Evan Lewis, then acting editor of The Chariton Patriot, must have been gratified during early March of 1887 when a handwritten poem entitled "The Blue Goes Down; The Grey Goes Up" appeared in his mailbox.
The poet identified herself as Nannie Curtis, of Norwood --- there certainly were Curtises at Norwood, although Evan didn't know a Nannie personally. And the poem appeared to be relatively light-hearted commentary on the recent city election, during which George W. Alexander, a Democrat, had defeated C.H. Davis, a Republican, in the race for mayor by a margin of 342 votes to 115.
George was a native of Tennessee, a skillful attorney, a very likeable man --- and a notable drunk, but that hadn't begun to affect his life severely yet. He also was a veteran of Confederate service during the Civil War, which never had been an issue in Chariton in large part because of his congenial nature. In fact, when he died after falling down his office stairs some 30 years later, Chariton's Grand Army of the Republic boys wrapped his coffin in an American flag, escorted his remains to the cemetery and saw to it that his grave was decorated every year thereafter.
George also was a Democrat in an overwhelmingly Republican city --- so that was notable, too, although politics really hadn't been a factor in the mayoral race.
But both his Confederate service and his party affiliation seemed to be motives behind Nannie's poem. And it would have seemed logical to submit it to The Patriot, staunchly Republican in its editorial stance as opposed to The Democrat and the middle-of-the-road Herald.
So Evan duly set the poem into type and published it on the local news page of his Wednesday, March 9, 1887, edition. Here's how it reads:
Another battle lost and won!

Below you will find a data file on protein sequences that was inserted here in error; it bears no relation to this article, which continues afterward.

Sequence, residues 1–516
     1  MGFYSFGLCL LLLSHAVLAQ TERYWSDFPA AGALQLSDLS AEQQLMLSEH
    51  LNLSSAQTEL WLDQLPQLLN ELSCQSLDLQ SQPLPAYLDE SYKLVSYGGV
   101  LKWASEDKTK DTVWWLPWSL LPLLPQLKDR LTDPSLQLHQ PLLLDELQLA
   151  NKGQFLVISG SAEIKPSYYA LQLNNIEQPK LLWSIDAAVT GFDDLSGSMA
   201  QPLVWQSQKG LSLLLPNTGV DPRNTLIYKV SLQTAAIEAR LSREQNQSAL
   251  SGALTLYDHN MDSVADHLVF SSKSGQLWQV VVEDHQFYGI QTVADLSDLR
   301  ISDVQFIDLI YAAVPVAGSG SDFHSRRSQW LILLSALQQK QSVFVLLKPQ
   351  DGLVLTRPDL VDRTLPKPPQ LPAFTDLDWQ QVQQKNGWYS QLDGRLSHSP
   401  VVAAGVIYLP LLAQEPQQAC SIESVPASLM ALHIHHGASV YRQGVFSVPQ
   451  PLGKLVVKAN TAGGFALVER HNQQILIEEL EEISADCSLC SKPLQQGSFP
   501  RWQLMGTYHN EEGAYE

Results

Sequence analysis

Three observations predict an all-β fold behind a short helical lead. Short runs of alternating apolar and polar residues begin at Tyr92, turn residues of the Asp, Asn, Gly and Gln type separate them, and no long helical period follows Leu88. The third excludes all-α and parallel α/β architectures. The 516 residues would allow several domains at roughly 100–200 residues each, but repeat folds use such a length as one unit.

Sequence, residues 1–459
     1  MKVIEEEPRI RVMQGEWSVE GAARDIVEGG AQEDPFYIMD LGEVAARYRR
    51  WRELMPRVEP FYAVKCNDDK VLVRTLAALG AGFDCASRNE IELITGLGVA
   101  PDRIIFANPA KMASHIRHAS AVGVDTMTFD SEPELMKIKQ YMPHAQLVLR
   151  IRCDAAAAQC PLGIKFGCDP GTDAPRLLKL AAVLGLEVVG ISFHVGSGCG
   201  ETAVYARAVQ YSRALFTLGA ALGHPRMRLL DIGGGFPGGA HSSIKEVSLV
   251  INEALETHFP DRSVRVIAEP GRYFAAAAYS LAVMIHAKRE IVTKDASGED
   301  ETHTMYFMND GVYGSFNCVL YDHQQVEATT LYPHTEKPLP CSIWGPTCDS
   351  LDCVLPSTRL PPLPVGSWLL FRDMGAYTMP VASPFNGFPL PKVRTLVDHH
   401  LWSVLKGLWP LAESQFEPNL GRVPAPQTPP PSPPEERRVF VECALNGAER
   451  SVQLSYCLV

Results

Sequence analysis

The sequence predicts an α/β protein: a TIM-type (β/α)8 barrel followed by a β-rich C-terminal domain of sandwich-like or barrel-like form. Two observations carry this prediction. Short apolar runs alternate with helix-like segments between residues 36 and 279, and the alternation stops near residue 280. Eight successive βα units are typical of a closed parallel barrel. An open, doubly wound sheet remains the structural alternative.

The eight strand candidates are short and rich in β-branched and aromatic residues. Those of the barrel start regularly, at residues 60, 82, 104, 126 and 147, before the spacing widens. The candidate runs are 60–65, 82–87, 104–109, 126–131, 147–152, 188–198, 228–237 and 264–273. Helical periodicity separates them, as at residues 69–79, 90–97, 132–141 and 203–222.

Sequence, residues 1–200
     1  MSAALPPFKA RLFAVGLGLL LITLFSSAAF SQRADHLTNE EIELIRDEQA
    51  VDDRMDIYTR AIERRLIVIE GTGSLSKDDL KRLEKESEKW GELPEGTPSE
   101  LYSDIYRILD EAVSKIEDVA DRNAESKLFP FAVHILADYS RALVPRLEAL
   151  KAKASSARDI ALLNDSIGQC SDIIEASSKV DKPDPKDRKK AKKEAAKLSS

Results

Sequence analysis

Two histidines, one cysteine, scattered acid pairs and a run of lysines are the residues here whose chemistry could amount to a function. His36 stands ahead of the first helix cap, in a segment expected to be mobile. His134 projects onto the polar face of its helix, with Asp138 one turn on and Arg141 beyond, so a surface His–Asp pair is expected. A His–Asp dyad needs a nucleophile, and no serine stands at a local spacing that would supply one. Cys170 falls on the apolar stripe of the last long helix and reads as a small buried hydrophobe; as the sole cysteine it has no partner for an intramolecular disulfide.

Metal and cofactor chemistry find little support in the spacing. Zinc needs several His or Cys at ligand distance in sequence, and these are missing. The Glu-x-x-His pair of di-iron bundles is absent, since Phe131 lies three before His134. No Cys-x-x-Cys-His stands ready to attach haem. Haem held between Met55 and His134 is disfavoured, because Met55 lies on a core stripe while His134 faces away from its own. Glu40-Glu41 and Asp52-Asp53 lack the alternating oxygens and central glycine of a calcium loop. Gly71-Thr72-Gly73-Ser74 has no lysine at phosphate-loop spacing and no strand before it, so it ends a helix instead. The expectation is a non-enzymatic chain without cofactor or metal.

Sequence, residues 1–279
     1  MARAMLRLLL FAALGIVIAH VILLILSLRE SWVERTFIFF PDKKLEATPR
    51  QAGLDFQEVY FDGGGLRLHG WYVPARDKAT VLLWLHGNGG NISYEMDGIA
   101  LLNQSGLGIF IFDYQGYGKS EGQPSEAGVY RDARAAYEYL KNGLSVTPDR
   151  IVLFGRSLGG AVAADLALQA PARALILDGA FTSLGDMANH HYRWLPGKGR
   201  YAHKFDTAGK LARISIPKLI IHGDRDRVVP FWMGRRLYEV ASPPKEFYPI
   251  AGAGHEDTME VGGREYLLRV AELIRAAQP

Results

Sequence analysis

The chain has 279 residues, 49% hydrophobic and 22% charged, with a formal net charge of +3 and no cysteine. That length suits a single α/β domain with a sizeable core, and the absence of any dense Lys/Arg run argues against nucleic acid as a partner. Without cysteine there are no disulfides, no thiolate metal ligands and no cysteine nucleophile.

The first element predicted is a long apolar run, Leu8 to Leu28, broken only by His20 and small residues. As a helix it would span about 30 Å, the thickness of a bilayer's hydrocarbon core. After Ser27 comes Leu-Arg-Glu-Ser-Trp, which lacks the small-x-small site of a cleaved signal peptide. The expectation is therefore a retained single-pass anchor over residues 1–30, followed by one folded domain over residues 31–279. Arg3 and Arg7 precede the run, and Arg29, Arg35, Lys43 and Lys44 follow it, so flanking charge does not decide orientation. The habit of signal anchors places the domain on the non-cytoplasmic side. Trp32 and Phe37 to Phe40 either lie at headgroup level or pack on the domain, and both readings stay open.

Victors once, we're vanquished now;
Each true and loyal patriot son
Recoils before the Rebel blow.
Youth and age may justly feel
Southern Grey is now ahead:
Treason trends with cruel heel
Upon the living and the dead.
Purest mem'ries they would bury
In the shadows of the past:
Dev'lish treason now is merry
As the Blue goes down at last.
Soldiers see! the Chief's command
Sends back the bill you sorely need,
Emblazoned with his ruthless hand
Veto! Veto! I forbid!
Are our homes not dearly bought
Now that copperheads command?
In the future, as we fought
So let us vote, to save our land.
Next day --- publication date for both the rivals Democrat and Herald --- there was great hilarity (at Evan's expense) in both.
As it turned out, there was no such person as Nannie Curtis and the poem accredited to her had included a wicked acrostic that had gone unnoticed by Evan.
If you read down and note the first letters of each line you'll see that the result is, "A very stupid ass Evan is."
The editors of both The Democrat and The Herald declared themselves shocked that unknown parties had taken advantage of their fellow editor --- but couldn't control their giggles. Both republished the poem, pointing out in the most delicate way possible the acrostic text.
"It was a mean piece of business for Nannie Curtis to perpetrate such an outrage as this is on our innocent and unsuspecting young friend," editorialized S.S. King, editor of The Democrat.
No one ever admitted to impersonating Nannie Curtis and thereby taking advantage of Evan Lewis's naivete --- but the general consensus seems to have been that it was Mr. King himself who had set his fellow editor up. King could be extraordinarily evil in an editorial sense when he put his mind to it.
You may read more about George W. Alexander here, in a post entitled "Never say 'only': Lt. G.W. Alexander," and here, in a post entitled "Chariton City Council and the dipsomaniacal mayor."